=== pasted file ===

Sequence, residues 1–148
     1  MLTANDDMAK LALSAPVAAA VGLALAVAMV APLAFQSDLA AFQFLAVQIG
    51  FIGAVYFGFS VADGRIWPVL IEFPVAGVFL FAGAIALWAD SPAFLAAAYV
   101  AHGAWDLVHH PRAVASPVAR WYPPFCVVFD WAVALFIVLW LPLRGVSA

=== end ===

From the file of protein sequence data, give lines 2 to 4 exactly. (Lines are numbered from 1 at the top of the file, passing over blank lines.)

     1  MLTANDDMAK LALSAPVAAA VGLALAVAMV APLAFQSDLA AFQFLAVQIG
    51  FIGAVYFGFS VADGRIWPVL IEFPVAGVFL FAGAIALWAD SPAFLAAAYV
   101  AHGAWDLVHH PRAVASPVAR WYPPFCVVFD WAVALFIVLW LPLRGVSA